St. John of Kronstadt:  "The Holy Scriptures speak more truly and more clearly of the world than the world itself or the arrangement of the earthly strata; the scriptures of nature within it, being dead and voiceless, cannot express anything definite. "Where wast thou when I laid the foundations of the earth?" Were you with God when He created the universe? "Who hath directed the Spirit of the Lord, or being His counseller, hath taught Him?" And yet you geologists boast that you have understood the mind of the Lord, in the arrangement of strata, and maintained it in spite of Holy Writ! You believe more in the dead letters of the earthly strata, in the soulless earth, than in the Divinely-inspired words of the great prophet Moses, who saw God." --- My Life in Christ
So what if many of our saints spoke against evolution?  Were they infallible?

I know I'm hammering on a question I've asked many times before, but I'm not yet satisfied with any of the answers you've given.  Besides, you've been beating this dead horse pretty hard; I don't see why I shouldn't join you. :P
You won't be satisfied with any of his answers because you stubbornly reject what the Church so clearly teaches. he's laid it out through councils, Church fathers, iconography and hymnography. Your pathetic attempts at widening the goal-posts are fooling no one but yourself. This is the teaching of the Church. Either accept it, or don't call yourself Orthodox.

Offline Arachne

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Re: Creationism, Evolution, and Orthodoxy
« Reply #6135 on: June 14, 2017, 05:14:12 PM »
St. Nektarios, St. John of Kronstadt, St. Justin Popovich, Elder Paisios, St. Barsanuphius of Optina --- which one of them was American?
Did any of them really care to take sides in the creationism/evolution debate, or is this merely a concern you have projected onto them?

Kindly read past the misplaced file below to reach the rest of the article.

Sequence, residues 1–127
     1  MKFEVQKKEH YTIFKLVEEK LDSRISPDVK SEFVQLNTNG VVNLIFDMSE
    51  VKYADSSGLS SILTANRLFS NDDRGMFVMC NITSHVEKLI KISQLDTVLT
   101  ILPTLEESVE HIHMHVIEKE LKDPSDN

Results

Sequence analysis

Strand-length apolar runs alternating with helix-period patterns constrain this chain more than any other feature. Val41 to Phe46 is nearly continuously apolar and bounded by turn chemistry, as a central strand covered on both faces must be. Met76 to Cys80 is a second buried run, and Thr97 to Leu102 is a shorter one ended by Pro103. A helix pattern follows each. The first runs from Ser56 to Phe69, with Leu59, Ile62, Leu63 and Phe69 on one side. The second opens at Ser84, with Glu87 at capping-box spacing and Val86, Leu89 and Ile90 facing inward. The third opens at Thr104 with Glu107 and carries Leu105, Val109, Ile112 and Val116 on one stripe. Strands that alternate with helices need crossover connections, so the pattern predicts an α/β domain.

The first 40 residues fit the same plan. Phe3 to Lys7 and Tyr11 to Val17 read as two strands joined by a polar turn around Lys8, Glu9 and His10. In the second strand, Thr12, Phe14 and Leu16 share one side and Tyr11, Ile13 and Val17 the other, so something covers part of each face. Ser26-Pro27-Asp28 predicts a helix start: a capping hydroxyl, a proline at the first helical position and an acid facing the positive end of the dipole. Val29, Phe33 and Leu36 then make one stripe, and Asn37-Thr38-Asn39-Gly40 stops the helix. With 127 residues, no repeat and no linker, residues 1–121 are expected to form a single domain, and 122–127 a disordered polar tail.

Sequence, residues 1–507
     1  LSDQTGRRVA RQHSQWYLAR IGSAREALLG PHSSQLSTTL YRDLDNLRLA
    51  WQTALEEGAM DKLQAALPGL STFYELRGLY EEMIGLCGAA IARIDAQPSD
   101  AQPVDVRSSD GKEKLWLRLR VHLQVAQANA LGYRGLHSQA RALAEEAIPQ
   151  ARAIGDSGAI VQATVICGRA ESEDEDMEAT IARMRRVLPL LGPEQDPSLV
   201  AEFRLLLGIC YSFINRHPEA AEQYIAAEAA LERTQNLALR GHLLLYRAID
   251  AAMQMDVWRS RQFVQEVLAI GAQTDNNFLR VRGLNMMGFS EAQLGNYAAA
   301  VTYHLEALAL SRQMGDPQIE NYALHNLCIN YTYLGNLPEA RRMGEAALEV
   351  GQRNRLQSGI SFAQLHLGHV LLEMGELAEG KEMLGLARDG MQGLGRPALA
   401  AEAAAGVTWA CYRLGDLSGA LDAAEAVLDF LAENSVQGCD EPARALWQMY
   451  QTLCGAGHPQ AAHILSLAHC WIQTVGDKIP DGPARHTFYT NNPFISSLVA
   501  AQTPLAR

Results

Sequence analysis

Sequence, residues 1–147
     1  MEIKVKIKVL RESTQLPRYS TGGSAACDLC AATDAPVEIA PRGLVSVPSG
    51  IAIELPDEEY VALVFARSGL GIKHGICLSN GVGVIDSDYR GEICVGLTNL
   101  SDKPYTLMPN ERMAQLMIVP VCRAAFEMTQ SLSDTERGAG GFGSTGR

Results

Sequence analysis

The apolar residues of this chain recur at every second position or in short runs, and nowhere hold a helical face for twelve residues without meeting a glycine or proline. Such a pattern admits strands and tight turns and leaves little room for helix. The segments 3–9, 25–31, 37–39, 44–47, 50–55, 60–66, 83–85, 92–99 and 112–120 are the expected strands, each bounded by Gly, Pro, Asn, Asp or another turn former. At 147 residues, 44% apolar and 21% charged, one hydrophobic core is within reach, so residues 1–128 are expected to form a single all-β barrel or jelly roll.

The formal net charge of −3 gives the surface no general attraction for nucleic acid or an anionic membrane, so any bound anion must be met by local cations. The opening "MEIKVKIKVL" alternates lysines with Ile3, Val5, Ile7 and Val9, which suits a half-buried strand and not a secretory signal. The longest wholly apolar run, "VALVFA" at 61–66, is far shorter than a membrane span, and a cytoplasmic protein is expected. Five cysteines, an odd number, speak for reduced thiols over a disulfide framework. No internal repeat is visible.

well despite your refusal to believe that Orthodox Saints could actually interpret Genesis literally, they did.
Projecting onto me something I never said is not necessary.  You only weaken your argument when you misrepresent your opponent's position like that.  I never stated any disbelief that Orthodox saints could interpret Genesis literally.  All I stated was that I'm not sure we can be so dogmatic as to restrict our interpretation of Genesis solely to the literalist approach that many of the Fathers did use.  If you're going to represent my point of view, make sure you represent it truthfully and accurately.

I have already posted quotes from most of them listed in which they specifically spoke/wrote against evolution. Elder Paisios said the notion that Christ is descendent of non-human life forms is blasphemy, St. Justin Popovich said evolution is new age, St. John of Kronstadt said that every person in the Bible is literally real and that we must look to Tradition for hte answers to our origin, not to the soulless strata of the earth, and i forget what St. Barsanuphius and St. Nektarios had to say specifically but Im pretty sure ive already quoted them somewhere in this thread.


ok heres the quotes that i already posted in this thread:

St. Barsanuphius of Optina: "The English philosopher Darwin created an entire system according to which life is a struggle for existence, a struggle of the strong against the weak, where those that are conquered are doomed to destruction . . . This is already the beginning of a bestial philosophy, and those who come to believe in it wouldn't think twice about killing a man, assaulting a woman, or robbing their closest friend -- and they would do all this calmly, with a full recognition of their right to commit these crimes." From Elder Barsanuphius of Optina, published by St. Herman's

St. Nektarios: "The two volumes of the work Philosphie zoologique are in their entirety intended to uphold the degrading evolutionary theory regarding man. The first volume seeks to prove that the human organism evolved from that of an ape, as a result of chance circumstances. And the second volume seeks to prove that the distinctive excellences of the human mind are nothing but an extension of a power which the animals have, differing only in degree. Having weak and badly set foundations . . . Lamarck claims to prove that in earlier times nature produced through marvelous evolution one species from another, earlier one. He seeks to establish a gradual chain having successive (not contemporaneous) links and thus to produce finally the human species through a metamorphosis that is the reverse of the truth, and not less marvelous than the transformations one reads about in myths!" -- quoted in Constantine Cavarnos' Biological Evolutionism.

This article http://orthodoxnorth.net/evolution_new_fundamentalism_pt_1.htm tells us that St. Justin Popovich identified Darnwin's ideas with new age religion

Elder Paisios: "...And if one thinks that from a human being, the Most Holy Theotokos, Christ was born! Then what we are saying is that a monkey was an ancestor of Christ? What blasphemy!!" --Elder Paisios of Mount Athos --- from the forthcoming updated Genesis, Creation, and Early Man